Guy Boothby (1867-1905) was born in Australia but spent most of his career in England. A professional writer, his most famous work is the Dr Nikola series – a sequence of five novels about a criminal mastermind determined to take over the world with the help of the occult. Boothby was tremendously prolific. His writing career took up only the last decade of his tragically short life, but during this time he produced over fifty novels.
Presented here is one of a handful of overtly supernatural novels written by Boothby. First published in 1899, it is typically late-Victorian in its concerns about contamination by a foreign other from the fringes of occidental Empire – in this case the eponymous Pharos, a grotesque Egyptian with a talent for mesmerism, who harbours an astonishing and deadly secret. Also included are three of Boothby’s best-known ghost stories, taken from his collection The Lady of the Island (1904).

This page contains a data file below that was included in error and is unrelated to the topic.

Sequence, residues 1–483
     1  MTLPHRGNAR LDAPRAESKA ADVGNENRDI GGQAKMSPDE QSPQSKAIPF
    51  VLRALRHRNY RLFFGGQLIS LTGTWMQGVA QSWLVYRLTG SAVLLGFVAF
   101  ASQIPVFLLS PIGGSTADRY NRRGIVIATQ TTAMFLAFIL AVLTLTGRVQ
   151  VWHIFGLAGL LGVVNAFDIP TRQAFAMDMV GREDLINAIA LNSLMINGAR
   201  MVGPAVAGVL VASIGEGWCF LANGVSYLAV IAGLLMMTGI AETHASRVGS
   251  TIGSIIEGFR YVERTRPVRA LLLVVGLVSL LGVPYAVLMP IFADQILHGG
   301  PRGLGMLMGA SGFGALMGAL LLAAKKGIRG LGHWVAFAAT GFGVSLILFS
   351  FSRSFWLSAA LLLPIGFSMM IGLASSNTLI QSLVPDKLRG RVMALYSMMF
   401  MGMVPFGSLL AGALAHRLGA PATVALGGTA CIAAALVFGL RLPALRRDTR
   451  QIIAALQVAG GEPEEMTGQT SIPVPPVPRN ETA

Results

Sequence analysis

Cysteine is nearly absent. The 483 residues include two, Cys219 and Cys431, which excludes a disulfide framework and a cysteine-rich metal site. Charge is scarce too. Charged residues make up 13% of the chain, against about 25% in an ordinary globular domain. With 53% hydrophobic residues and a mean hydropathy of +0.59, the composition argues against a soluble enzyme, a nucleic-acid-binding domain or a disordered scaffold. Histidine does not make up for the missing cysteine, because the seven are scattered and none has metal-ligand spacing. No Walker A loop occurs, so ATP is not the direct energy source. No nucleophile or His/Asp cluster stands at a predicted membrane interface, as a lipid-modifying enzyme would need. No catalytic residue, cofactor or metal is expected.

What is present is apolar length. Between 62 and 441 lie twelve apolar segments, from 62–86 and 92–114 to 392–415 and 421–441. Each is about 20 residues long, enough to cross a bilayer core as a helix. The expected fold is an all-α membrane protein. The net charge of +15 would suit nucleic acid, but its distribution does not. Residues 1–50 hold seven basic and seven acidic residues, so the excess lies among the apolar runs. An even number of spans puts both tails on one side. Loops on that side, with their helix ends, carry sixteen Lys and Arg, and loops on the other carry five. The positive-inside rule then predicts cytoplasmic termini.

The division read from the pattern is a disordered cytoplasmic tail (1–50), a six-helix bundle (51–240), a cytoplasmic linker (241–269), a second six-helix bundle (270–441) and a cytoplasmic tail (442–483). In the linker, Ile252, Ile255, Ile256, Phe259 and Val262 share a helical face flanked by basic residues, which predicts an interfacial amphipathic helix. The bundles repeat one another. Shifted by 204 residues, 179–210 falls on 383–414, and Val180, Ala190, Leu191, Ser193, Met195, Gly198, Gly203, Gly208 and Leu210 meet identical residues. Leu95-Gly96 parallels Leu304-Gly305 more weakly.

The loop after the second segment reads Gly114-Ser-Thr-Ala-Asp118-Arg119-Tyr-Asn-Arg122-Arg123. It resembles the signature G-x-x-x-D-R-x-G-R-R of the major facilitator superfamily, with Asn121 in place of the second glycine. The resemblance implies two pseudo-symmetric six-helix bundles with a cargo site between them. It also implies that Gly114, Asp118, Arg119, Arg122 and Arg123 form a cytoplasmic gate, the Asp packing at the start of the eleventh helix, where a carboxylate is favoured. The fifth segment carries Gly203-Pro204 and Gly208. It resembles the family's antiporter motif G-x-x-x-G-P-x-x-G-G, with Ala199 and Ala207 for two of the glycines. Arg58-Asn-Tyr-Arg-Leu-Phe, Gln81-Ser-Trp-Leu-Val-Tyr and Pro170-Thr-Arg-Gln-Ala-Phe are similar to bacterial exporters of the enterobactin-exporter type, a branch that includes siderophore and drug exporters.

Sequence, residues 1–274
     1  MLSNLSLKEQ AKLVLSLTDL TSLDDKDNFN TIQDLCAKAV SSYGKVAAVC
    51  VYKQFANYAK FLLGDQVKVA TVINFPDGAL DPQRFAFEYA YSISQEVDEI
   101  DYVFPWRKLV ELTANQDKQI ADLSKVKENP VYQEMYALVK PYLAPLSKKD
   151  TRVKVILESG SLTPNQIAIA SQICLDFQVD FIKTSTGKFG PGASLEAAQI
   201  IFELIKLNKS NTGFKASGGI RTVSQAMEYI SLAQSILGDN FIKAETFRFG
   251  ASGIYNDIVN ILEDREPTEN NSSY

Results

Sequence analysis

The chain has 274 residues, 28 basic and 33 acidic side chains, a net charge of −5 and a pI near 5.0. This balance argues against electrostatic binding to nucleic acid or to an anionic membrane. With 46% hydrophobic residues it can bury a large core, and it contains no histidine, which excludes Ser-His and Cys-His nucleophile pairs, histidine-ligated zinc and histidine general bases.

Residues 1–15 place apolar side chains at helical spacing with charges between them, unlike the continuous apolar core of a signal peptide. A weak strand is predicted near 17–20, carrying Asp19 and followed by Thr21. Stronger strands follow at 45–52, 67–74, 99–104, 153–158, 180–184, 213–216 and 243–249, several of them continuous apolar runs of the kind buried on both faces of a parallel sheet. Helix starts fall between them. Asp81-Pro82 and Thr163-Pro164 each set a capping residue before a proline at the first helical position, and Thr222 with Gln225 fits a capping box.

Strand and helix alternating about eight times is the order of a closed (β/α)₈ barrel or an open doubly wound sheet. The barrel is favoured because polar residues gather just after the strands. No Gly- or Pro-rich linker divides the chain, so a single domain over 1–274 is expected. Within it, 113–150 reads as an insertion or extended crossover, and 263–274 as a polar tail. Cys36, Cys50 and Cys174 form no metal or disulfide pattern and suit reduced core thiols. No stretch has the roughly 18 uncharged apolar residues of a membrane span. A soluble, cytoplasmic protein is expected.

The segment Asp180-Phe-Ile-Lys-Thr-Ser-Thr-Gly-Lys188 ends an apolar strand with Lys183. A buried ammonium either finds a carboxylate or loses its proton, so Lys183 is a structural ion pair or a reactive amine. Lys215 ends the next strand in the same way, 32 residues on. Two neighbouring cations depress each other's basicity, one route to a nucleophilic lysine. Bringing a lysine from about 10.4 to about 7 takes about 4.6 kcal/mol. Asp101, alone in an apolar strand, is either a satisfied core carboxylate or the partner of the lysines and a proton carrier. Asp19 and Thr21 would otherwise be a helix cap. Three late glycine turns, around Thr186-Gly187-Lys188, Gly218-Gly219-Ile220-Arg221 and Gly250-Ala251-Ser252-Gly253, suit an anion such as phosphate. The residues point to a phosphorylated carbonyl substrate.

Charlotte Bryson Taylor’s first novel was published in 1904 by Henry Holt and Company. It is a haunting tale of American archaeologists in Egypt, who get more than they bargained for when they excavate an ancient tomb and break open a door marked ‘Forbidden’ (never a good idea). A curious blend of the antiquarian ghost story and the imperial quest romance, Taylor must have been influenced by Bram Stoker’s The Jewel of Seven Stars (1903). Her own novel has proved to have an equally lasting effect on the ‘mummy’s curse’ genre, however, to the extent that pretty much any subsequent film or literary endeavour depicting a revivified mummy in an Egyptian setting can be said to be indirectly influenced by this book. The sense of mounting horror and the haunting ambiguity of the ending still make this a genuinely unsettling read.
More about the author can be found at Douglas A. Anderson’s absolutely invaluable Lesser-Known Writers blog.